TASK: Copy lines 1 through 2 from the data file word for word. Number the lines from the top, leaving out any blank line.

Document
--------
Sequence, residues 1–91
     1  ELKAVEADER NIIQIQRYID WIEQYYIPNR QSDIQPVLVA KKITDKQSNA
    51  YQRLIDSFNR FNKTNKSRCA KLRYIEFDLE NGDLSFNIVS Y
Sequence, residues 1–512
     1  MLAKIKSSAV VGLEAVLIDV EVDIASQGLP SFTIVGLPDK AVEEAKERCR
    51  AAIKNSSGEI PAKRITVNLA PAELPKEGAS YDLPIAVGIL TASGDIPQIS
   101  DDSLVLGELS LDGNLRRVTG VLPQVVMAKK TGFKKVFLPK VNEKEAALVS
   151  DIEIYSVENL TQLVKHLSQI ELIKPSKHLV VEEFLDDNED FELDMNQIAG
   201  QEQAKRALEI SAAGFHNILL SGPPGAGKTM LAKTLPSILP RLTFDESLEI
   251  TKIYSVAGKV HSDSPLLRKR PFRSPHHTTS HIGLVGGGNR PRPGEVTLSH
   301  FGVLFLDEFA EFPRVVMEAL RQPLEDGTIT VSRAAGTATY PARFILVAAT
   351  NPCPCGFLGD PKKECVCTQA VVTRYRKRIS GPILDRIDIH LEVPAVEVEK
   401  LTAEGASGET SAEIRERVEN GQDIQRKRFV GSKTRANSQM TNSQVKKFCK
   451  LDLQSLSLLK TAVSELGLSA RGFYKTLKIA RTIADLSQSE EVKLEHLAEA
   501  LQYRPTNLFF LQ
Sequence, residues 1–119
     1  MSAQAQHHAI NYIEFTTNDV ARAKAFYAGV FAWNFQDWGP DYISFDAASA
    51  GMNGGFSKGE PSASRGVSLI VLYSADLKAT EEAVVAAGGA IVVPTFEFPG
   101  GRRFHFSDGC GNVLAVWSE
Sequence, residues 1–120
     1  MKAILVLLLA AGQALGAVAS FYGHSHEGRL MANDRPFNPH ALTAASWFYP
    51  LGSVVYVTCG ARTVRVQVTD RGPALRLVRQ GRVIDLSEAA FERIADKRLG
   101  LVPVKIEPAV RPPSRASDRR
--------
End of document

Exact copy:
Sequence, residues 1–91
     1  ELKAVEADER NIIQIQRYID WIEQYYIPNR QSDIQPVLVA KKITDKQSNA